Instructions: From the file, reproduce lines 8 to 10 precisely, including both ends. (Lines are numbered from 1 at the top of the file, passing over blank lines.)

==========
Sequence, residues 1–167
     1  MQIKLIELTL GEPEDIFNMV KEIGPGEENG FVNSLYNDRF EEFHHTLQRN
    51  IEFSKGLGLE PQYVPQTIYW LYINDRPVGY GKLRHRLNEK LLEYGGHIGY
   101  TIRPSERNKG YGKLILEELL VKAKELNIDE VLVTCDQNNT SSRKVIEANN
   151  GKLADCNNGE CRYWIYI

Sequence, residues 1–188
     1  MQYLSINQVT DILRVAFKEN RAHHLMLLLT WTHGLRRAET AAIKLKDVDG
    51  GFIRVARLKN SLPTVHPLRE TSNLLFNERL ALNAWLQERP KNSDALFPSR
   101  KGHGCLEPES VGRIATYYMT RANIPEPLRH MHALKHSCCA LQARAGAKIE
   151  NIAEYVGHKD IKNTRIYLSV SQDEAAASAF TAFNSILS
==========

    51  GFIRVARLKN SLPTVHPLRE TSNLLFNERL ALNAWLQERP KNSDALFPSR
   101  KGHGCLEPES VGRIATYYMT RANIPEPLRH MHALKHSCCA LQARAGAKIE
   151  NIAEYVGHKD IKNTRIYLSV SQDEAAASAF TAFNSILS